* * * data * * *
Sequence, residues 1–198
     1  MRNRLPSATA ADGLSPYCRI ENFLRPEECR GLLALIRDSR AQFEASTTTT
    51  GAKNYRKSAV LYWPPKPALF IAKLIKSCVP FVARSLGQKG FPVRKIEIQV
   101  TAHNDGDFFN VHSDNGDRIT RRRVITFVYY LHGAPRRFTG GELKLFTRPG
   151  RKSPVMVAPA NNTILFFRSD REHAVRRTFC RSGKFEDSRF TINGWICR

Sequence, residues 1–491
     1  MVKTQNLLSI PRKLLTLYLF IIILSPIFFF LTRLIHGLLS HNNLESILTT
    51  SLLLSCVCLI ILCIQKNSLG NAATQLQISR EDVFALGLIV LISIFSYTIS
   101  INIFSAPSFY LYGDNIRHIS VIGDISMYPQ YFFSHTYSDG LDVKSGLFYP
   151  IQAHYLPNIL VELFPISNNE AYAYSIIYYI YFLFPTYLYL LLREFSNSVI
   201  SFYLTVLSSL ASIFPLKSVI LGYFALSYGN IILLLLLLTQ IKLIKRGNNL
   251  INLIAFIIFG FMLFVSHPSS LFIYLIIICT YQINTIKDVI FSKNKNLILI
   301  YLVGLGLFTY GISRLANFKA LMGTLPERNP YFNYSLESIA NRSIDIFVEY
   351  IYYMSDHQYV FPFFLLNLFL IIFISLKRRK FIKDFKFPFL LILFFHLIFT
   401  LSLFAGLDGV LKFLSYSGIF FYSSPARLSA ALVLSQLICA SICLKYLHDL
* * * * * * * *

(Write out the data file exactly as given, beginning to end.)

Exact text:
Sequence, residues 1–198
     1  MRNRLPSATA ADGLSPYCRI ENFLRPEECR GLLALIRDSR AQFEASTTTT
    51  GAKNYRKSAV LYWPPKPALF IAKLIKSCVP FVARSLGQKG FPVRKIEIQV
   101  TAHNDGDFFN VHSDNGDRIT RRRVITFVYY LHGAPRRFTG GELKLFTRPG
   151  RKSPVMVAPA NNTILFFRSD REHAVRRTFC RSGKFEDSRF TINGWICR

Sequence, residues 1–491
     1  MVKTQNLLSI PRKLLTLYLF IIILSPIFFF LTRLIHGLLS HNNLESILTT
    51  SLLLSCVCLI ILCIQKNSLG NAATQLQISR EDVFALGLIV LISIFSYTIS
   101  INIFSAPSFY LYGDNIRHIS VIGDISMYPQ YFFSHTYSDG LDVKSGLFYP
   151  IQAHYLPNIL VELFPISNNE AYAYSIIYYI YFLFPTYLYL LLREFSNSVI
   201  SFYLTVLSSL ASIFPLKSVI LGYFALSYGN IILLLLLLTQ IKLIKRGNNL
   251  INLIAFIIFG FMLFVSHPSS LFIYLIIICT YQINTIKDVI FSKNKNLILI
   301  YLVGLGLFTY GISRLANFKA LMGTLPERNP YFNYSLESIA NRSIDIFVEY
   351  IYYMSDHQYV FPFFLLNLFL IIFISLKRRK FIKDFKFPFL LILFFHLIFT
   401  LSLFAGLDGV LKFLSYSGIF FYSSPARLSA ALVLSQLICA SICLKYLHDL